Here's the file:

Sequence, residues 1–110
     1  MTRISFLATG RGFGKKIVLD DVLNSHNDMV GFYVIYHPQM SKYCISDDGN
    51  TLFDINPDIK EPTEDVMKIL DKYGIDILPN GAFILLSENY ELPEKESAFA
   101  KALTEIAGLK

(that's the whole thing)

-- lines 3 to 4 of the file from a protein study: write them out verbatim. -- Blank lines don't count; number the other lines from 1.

    51  TLFDINPDIK EPTEDVMKIL DKYGIDILPN GAFILLSENY ELPEKESAFA
   101  KALTEIAGLK